Jackson County plans to sell Table Rock Park near Cascade Christian High School to the Medford school, then use the money to buy park land elsewhere.
Putting the undeveloped grass field in the school’s hands will end a long saga of disputes over use of the property.
The county originally bought the land in 1982, paying for the purchase, in part, with federal Land and Water Conservation Fund money that comes with regulatory strings attached.
The idea was to use the land for part of the Bear Creek Greenway, but when it became clear the property wasn’t needed for the paved pathway, the county transferred the land to the city of Medford for use as a public park, according to county officials.
The city allowed Cascade Christian to use the land for sports activities, which limited public access to the property.
The state parks department notified the county that the public wasn’t able to access and use the park, a violation of federal funding rules.
Fearful the county could lose its ability to win future Land and Water Conservation Fund money for other projects, the county approached the city about doing a land swap, County Administrator Danny Jordan said.
After failed mediation attempts, the county filed a lawsuit in 2010 against the city and Cascade Christian, asserting the school blocked public access to the park, according to court records.
The county won the lawsuit and reacquired the land.
“We didn’t want to have to take the property back,” Jordan said, but added the county had to protect its ability to win future Land and Water Conservation funding.
The county paid almost $160,000 to the school for improvements Cascade Christian made to the property, county officials said.
By selling the land to the school, the county will recoup those public funds and also earn money to buy land elsewhere, Jordan said.
Jackson County Commissioner Bob Strosser said Cascade Christian tried to operate in good faith but got tangled up in the controversy over the legal use of land purchased with federal funds.
“There was no ill intent by any of the parties involved, but Cascade Christian got caught in the middle,” Strosser said.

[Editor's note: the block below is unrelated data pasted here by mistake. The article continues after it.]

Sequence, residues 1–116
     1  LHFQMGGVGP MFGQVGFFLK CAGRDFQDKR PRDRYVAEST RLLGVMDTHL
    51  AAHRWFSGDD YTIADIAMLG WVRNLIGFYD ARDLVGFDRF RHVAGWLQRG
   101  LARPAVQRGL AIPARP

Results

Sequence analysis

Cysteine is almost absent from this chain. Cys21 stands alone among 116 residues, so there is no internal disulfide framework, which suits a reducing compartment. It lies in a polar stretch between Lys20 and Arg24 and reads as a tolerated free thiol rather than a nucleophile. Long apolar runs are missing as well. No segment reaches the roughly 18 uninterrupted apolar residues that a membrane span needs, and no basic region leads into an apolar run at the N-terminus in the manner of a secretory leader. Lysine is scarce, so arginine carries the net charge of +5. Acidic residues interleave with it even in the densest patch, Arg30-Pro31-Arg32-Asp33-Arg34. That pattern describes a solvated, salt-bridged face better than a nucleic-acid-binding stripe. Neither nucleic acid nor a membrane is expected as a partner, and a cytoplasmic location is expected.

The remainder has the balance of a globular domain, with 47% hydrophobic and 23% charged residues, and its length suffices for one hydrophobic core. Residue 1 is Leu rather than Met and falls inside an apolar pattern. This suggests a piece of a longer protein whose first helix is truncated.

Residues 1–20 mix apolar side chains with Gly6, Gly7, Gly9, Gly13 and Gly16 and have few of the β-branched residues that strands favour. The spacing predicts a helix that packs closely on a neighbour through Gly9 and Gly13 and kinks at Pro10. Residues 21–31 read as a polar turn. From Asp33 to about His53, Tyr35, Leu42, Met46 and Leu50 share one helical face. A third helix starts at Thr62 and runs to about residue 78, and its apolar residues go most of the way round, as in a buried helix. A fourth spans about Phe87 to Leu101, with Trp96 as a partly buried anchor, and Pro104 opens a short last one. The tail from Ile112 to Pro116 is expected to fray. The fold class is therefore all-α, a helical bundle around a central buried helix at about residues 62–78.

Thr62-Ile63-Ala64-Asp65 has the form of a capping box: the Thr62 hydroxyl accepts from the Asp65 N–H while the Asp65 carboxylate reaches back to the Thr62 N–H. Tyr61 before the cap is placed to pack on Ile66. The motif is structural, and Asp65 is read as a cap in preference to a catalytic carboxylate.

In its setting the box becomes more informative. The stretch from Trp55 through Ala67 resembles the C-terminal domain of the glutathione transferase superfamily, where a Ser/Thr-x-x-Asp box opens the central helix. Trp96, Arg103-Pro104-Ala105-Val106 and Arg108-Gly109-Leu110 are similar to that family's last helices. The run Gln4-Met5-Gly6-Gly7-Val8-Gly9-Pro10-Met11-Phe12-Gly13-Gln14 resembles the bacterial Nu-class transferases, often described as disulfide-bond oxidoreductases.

If the school and county can reach a sales agreement, commissioners will approve the terms at a future meeting.
Jackson County Roads and Parks Director John Vial said the county is looking for replacement property.
Buying new land will be easier once the county has money from the sale of Table Rock Park, he noted.
Jordan said there is no regulatory timeline for buying a replacement piece of property.
The county could look for land to help extend the Bear Creek Greenway, which stretches from Central Point to Ashland. Greenway supporters hope the pathway will eventually reach Emigrant Lake east of Ashland.
Replacement land also could create a section for the newer Rogue River Greenway, which could eventually stretch 30 miles from Central Point to Grants Pass.
The county, city and school aren't the first to get mired in problems about the use of property acquired with federal funds.
The city of Ashland opened The Grove building in 2000 as a youth center, but lost federal funding because it could not meet a quota that 51 percent of the youths it served be low-income.
In 2005, the city repaid the federal government $215,000 to be released from the federal requirements — a move that allowed Ashland to use The Grove for a greater variety of activities, according to city records.
The Grove is now home to the Ashland Parks and Recreation Department's recreation division and hosts community classes, dancing and other events.